Poisoning Severity Score as a Predictor of Cardiotoxicity Induced by Anticholinesterase Pesticides, Digoxin and Beta Blockers

Document Type : Original Article


Department of Forensic Medicine and Clinical Toxicology, Faculty of Medicine, Ain Shams University, Cairo, Egypt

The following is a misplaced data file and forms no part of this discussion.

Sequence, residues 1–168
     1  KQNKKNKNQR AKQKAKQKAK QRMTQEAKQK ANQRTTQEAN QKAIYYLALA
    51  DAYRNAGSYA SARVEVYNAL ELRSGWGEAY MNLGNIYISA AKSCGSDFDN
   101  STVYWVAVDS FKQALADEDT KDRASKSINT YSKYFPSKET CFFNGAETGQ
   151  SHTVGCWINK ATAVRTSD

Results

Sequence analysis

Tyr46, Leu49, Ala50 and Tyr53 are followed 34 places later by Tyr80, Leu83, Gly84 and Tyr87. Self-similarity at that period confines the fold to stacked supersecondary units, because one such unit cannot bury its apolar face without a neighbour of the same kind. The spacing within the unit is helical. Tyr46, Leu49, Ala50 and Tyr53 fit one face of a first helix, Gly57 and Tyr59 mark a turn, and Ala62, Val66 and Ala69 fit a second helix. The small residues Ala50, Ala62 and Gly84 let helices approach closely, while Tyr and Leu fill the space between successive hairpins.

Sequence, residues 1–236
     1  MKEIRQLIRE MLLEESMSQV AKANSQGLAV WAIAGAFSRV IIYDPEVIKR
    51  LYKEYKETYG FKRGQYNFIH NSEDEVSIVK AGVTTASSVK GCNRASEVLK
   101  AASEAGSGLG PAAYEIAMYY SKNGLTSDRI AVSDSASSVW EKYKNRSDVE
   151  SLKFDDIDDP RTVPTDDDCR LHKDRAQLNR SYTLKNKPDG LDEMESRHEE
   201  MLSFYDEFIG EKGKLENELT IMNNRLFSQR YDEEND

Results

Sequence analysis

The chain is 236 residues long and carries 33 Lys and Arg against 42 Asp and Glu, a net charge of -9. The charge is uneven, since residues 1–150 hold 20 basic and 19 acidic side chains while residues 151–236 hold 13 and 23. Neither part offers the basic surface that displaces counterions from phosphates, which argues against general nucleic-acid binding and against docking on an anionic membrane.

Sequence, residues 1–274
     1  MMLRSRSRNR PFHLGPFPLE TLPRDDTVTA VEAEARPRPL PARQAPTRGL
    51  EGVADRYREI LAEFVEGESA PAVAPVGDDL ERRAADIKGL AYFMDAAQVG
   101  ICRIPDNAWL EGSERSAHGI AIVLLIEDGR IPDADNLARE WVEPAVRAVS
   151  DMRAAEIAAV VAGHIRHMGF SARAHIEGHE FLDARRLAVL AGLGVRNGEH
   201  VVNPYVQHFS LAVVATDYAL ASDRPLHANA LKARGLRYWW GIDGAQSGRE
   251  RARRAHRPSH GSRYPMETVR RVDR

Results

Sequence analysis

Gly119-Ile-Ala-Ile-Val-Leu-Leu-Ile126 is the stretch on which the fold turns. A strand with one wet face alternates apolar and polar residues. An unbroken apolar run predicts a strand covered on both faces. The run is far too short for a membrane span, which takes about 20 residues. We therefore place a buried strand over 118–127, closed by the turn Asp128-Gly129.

Poisoning and fatalities by cardiotoxic agents represent a challenging health problem in Egypt. An important action to combat this problem is to predict or, at least, early diagnose cardiac involvement. To do so, the clinician needs both bedside skills and appropriately selected laboratory testing. The Poisoning Severity Score (PSS) has been evaluated in one study which found it to be useful in identifying serious and complicated cases of poisoning. The aim of this study was to investigate effectiveness of the PSS in predicting cardiotoxicity, as well as correlations of different demographic, exposure, clinical and laboratory findings to cardiotoxicity. Methodology: Over a period of 4 months, we investigated 59 patients with anticholinesterases (n=28), digoxin (n=17), and beta-blocker toxicities (n=14) admitted to Poison Control Center of Ain Shams University Hospitals (PCCA), Cairo, Egypt, in addition to 16 healthy controls. For each, age, sex, mode of exposure, compound involved, time elapsed between exposure and admission, length of hospital stay, clinical, laboratory, and electrocardiographic findings were recorded. Also, PSS was calculated. Results: Female gender, lag between exposure and admission, length of ICU stay, and total length of hospital stay were significantly correlated to the severity of cardiotoxicity. Vomiting, metabolic acidosis, respiratory alkalosis, and PSS were independent predictors of cardiotoxicity. A PSS of 2 had a sensitivity of 88% and a specificity of 64.7% in predicating cardiotoxicity. Conclusion: Implication of PSS in prediction and early diagnosis of cardiotoxicity is easy, available, cheap, and reliable, whatever the type of toxic exposure.